At Geyer Law, the goal of each of our elder law attorneys is to accomplish your objectives and provide for your family in the best way possible, including keeping control of your assets in your own hands as long as you are able to make decisions.

Nobody wants to think that their heirs will not respect their wishes, but you need to take steps to protect your own interests and keep you in charge of your own finances. Proper estate planning is designed to do just that. At the same time, good planning is designed to spare your loved ones expense, delay, and frustration if you become disabled.

- by Rebecca W. Geyer

Wednesday, October 24, 2018

October is National Bullying Prevention Month: What Seniors and Caregivers Need to Know


October is a time for raking leaves and Halloween costumes.  It’s also National Bullying Prevention Month.

Bullying is defined by as “unwanted, aggressive behavior among school-aged children that involves a real or perceived power imbalance.” Types of bullying include:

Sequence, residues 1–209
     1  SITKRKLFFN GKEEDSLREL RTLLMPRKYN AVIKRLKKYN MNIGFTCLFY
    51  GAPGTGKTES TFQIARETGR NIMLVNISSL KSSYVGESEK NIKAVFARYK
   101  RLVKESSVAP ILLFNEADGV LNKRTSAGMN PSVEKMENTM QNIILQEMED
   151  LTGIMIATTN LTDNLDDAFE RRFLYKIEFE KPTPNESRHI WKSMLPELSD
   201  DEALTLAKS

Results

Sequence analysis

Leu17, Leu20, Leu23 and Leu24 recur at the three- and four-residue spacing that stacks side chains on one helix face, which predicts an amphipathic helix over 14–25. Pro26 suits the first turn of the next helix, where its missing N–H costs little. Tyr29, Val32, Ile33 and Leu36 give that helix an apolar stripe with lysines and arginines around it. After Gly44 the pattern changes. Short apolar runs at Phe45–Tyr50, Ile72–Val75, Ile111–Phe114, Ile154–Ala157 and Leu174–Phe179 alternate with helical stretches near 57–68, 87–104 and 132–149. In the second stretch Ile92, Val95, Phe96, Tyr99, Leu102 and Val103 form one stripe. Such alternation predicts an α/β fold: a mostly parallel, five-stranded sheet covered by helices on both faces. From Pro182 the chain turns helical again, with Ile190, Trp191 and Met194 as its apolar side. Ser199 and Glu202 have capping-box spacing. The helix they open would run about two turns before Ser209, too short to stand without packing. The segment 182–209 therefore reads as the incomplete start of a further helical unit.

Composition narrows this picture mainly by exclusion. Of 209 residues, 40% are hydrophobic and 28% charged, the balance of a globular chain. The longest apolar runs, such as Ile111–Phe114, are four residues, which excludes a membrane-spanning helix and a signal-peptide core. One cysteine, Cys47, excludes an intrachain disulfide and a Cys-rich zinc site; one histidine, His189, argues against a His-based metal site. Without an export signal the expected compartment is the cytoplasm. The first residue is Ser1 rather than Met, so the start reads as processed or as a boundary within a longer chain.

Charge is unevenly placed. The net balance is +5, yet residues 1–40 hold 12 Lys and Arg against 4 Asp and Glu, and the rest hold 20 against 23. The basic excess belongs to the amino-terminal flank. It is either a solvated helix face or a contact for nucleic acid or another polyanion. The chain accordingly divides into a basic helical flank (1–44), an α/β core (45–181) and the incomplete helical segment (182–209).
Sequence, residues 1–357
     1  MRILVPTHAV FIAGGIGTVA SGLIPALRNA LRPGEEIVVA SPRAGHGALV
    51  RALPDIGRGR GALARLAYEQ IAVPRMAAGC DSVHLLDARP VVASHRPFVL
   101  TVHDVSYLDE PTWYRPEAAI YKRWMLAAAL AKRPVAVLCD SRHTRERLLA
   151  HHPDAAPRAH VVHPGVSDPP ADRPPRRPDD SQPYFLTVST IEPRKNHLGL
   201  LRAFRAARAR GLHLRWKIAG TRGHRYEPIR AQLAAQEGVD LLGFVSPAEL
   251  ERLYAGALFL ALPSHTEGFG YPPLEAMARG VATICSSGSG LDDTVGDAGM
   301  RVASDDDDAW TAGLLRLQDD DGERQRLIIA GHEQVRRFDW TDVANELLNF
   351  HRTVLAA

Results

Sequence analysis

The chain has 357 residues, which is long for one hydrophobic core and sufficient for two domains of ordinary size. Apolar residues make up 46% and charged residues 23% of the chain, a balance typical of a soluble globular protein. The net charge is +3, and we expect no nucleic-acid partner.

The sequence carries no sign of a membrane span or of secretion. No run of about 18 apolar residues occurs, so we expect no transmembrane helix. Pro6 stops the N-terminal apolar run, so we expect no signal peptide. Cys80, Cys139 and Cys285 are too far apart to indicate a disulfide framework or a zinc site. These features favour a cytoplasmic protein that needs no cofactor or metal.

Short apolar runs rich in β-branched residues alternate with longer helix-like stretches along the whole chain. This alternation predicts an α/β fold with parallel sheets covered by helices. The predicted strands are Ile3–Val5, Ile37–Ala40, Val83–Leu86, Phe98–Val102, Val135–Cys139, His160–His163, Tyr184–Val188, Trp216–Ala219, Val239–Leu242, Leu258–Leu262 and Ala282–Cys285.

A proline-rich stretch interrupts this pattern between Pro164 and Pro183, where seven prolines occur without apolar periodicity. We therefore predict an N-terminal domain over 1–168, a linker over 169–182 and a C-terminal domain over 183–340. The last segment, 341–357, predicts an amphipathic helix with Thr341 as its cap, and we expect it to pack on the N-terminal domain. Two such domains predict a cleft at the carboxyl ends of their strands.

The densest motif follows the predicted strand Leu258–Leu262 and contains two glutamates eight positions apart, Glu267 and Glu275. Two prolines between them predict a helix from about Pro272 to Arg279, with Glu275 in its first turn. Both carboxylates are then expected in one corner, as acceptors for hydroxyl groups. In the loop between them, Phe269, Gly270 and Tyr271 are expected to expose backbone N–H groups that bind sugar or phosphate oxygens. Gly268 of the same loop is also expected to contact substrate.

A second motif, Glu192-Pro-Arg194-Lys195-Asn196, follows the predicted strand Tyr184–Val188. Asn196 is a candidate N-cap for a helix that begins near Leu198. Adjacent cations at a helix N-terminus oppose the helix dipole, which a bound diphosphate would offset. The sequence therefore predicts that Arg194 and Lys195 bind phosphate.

• Verbal (teasing, name-calling, taunting, threats)
  • Social (spreading rumors, shaming, leaving someone out of a game or activity)
  • Physical (hitting, kicking, pinching, tripping, pushing, taking or breaking things)
As elder care attorneys, at Geyer Law we’re concerned about bullying victims who have long ago left the school playground and who are now “aging in place” at home or in senior living facililties. As we specialize in helping elders and their families with special needs planning, guardianships, and veterans aid benefits, we are all too often made aware of three different forms of senior “bullying”:

1. Elder abuse by caretakers and family members
The Administration on Aging defines elder abuse as “any knowing, intentional, or negligent act by a caregiver or any other person that causes harm or a serious risk of harm to a vulnerable adult”.

2.  Bullying by peers in senior living facilities
People may develop destructive bullying behaviors as an adjustment mechanism during times of transition, Cyndy Marsh writes in the Caregiver Training Blog, and bullying among seniors can take some of the same forms as childhood bullying:
  • gossiping or whispering when someone enters a room
  • insults
  • belittling jokes
  • spreading rumors
  • bossy behavior
  • enforcing artificial seating arrangements
  • making fun of physical or mental disabilities
  • offensive gestures of facial expressions
  • invading one’s personal space
  • racial slurs
  • physical abuse